Could community owned co-operatives be the future for healthcare delivery?

On May 11, 2016, 79 Airdrie and area leaders signed a “Community Charter” to express their support for exploring a new model for healthcare delivery. The charter builds on strong foundational work by Highland PCN & Airdrie Health Foundation, and reflects an exciting commitment to continued community collaboration around service model innovation.AirdrieHealthCoop
The Airdrie Community Charter is being championed by the Airdrie & Area Health Benefits Initiative, a community led, grass roots initiative to drive service innovation. The initiative proposes delivery of healthcare through a “comprehensive health benefits Co-op” with some key characteristics:

  • All-in, one stop shop
  • Integrated publicly funded and non-publicly funded health care
  • Locally owned, operated, governed
  • Community gain sharing
  • Cooperative in structure and participation

Why a Co-op Model for Healthcare Delivery?

Canadians continue to experiment with new delivery models for publicly-funded healthcare. Debate remains focused on public or private funding and delivery. But internationally, alternative models of community-centered health service delivery have emerged – including health co-operatives. A major underlying assertion of health co-ops is that individuals & communities are best able to determine their unique needs. Co-ops focus on meeting those needs.

A co-operative is an autonomous association of persons united voluntarily to meet their common economic, social, and cultural needs and aspirations through a jointly owned and democratically controlled enterprise.

Co-operatives are based on the values of self-help, self-responsibility, democracy, equality, equity and solidarity. In the tradition of their founders, co-operative members believe in the ethical values of honesty, openness, social responsibility and caring for others.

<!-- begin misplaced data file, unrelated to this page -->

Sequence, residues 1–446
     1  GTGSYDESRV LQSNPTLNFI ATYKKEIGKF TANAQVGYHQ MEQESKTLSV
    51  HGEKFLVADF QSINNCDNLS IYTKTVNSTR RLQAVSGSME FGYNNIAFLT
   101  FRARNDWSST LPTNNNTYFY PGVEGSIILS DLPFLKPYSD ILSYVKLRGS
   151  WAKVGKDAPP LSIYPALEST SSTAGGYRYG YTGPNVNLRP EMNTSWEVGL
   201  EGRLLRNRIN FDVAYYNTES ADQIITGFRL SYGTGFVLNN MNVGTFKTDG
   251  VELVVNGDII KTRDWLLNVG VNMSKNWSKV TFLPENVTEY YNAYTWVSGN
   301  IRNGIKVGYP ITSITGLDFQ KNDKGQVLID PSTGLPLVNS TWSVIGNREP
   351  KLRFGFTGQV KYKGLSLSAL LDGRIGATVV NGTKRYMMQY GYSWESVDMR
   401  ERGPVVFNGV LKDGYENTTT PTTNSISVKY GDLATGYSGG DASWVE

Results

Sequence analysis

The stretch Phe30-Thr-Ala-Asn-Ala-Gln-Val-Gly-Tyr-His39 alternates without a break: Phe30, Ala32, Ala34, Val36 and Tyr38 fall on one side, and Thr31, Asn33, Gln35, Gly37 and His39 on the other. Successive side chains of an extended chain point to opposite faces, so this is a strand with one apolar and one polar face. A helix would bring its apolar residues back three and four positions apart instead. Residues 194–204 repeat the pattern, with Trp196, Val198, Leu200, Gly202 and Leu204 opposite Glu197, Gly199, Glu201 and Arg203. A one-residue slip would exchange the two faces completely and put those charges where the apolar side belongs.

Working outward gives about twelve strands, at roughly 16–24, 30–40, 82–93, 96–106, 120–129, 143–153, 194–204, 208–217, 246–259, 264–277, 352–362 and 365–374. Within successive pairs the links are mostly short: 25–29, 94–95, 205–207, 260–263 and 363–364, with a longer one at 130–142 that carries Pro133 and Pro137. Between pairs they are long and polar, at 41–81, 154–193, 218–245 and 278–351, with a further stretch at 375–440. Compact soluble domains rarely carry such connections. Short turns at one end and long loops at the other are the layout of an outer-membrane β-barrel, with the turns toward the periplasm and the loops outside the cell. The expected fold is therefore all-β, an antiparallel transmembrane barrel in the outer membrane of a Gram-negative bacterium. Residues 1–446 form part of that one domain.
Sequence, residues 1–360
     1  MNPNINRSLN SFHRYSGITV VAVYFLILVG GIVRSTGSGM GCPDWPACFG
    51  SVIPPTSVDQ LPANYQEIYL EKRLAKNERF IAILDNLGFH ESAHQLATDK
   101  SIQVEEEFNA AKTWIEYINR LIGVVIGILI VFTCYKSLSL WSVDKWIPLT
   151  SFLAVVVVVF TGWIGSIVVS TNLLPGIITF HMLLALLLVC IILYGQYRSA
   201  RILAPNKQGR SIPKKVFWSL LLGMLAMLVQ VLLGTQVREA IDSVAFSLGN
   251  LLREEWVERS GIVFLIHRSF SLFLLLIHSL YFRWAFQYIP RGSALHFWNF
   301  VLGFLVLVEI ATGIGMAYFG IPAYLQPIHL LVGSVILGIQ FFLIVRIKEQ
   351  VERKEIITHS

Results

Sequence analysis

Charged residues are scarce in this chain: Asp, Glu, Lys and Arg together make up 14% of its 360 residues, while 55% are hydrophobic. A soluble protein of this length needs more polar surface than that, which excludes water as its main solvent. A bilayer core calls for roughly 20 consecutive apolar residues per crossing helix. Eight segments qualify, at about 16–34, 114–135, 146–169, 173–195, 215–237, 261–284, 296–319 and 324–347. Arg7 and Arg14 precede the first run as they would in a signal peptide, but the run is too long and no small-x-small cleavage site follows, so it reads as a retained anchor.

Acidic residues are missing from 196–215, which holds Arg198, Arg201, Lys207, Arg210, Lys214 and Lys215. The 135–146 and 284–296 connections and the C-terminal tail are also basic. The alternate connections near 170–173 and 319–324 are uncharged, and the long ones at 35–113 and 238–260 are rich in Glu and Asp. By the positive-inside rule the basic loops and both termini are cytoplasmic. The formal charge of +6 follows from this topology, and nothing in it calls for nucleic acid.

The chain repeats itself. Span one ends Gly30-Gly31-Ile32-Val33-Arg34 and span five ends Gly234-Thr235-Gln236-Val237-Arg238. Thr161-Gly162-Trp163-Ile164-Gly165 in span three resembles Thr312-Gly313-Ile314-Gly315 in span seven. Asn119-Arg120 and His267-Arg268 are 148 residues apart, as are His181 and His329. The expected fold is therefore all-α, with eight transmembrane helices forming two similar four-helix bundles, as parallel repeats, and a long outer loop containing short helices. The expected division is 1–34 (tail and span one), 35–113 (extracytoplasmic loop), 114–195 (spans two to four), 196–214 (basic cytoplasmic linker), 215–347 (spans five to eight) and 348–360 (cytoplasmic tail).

The seven co-operative principles are guidelines by which co-operatives put their values into practice:

  1. Voluntary and Open Membership
  2. Democratic Member Control
  3. Member Economic Participation
  4. Autonomy and Independent
  5. Education, Training, and Information
  6. Co-operative among Co-operatives
  7. Concern for Community

Alberta’s history is rich in co-ops. There are 387 co-ops in Alberta. We are home to the fourth and fifth largest co-operatives in Canada; United Farmers of Alberta Co-operative Limited, and Calgary Co-op Association Ltd., respectively. Over 100 active health co-operatives exist today in Canada. Most health co-ops in Canada are general membership.

The application of co-ops to health and health care is relatively immature in Alberta, but a natural fit. The Alberta Co-operatives Act would allow formation of a co-op to deliver community centric health and social services.

Co-ops for healthcare offer a comprehensive approach that is co-designed, co-delivered and co-owned with an engaged community. Co-ops consider the entire picture of community health and well-being while addressing individual and family needs, accounting for health status, life events and environment.

More information on the Airdrie initiative.